What these people feel, believe and think about their adventures and perils, what they hope and long for, what they’ve lost, are questions closer to the true spirit of Erotikon, and Stiller knows how to show that. While for a critic like Peter Cowie Erotikon feels “frothy”, for me it is more melancholy. Maybe not as much so as Sommarnattens leende/Smiles of a Summer Night (Ingmar Bergman, 1955), a superior Swedish film that is often discussed in the same breath as a kind of apologia for Stiller. But it does carry a trace of sadness that gives it an unique place within a kind of film made at a specific moment in history, when cinema was still finding a way to break free from the conventions of theatre. It is not for nothing that one of the film’s most spectacular moments happens on stage in an opera house. And what a moment. For our trouble we get sheikhs, mullahs and a striptease that would make Theda Bara blush shades of scarlet. It’s nothing short of dazzling.

The film‘s ending defies everything we’ve come to expect from a “marriage comedy”. What is also missing is the moralistic tone that is a staple of the genre. To explain the ending would be to give it away and also to diminish the film itself – which is to say that there is more going on than can be explained by retelling events. Also there is a depth to the proceedings that is rigorous, especially as a means of subverting the burnt sugar on its surface. The acting is all over the place and the mise en scène is not very reliable, but there is a centre to this film that conjoins it to Stiller’s other work and that sets it apart from many other more frivolous films of its time and type. Take away the slapstick, the pratfalls, the mistaken identities, and the same elements seem sombre.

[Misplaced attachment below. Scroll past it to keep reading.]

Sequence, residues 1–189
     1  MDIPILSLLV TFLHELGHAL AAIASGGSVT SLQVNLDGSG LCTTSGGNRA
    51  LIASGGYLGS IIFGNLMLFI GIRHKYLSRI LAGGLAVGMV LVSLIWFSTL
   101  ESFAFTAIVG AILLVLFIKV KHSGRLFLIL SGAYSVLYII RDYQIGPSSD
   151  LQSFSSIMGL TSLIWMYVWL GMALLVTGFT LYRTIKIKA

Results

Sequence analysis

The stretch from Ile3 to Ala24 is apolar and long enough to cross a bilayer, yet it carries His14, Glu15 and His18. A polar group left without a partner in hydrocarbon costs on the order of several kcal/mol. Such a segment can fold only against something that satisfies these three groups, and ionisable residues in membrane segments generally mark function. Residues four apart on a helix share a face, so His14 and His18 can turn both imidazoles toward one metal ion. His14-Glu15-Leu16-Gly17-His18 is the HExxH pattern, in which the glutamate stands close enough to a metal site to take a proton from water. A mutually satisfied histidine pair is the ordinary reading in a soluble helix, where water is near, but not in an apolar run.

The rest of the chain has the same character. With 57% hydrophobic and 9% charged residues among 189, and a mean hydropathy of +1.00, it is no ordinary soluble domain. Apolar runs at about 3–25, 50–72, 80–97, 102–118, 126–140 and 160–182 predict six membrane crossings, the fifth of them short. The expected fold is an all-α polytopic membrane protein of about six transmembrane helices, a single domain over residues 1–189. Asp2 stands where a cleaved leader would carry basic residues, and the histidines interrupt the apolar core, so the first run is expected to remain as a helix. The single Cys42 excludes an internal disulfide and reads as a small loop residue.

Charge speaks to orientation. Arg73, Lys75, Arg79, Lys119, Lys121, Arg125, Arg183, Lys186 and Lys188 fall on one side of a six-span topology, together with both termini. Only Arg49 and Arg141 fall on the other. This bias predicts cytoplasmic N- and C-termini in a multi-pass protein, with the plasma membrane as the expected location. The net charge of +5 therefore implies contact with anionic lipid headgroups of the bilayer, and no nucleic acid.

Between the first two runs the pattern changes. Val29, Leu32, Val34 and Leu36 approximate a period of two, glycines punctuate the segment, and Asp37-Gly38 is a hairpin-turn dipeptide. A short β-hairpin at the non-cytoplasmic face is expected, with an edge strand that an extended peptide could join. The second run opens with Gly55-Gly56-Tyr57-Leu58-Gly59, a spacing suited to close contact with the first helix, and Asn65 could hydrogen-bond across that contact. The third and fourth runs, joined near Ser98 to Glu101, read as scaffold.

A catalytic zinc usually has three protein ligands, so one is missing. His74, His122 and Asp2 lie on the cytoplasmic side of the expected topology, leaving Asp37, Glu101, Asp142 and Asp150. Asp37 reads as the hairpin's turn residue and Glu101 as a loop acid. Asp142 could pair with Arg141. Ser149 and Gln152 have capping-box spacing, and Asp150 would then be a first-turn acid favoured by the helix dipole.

What is most satisfying about Erotikon is that everyone gets what they want in end. Which is peculiar considering that Stiller almost never did. In this way it is a film like All About Eve (Joseph L. Mankiewicz, 1950), where even the worst acts of betrayal deliver only the required and coveted results. Erotikon is not the finest film of its period and as a silent it is probably destined to be watched less and less, but it‘s more than worth the effort it requires.

About The Author

C. S. Leigh is a writer and filmmaker living in London.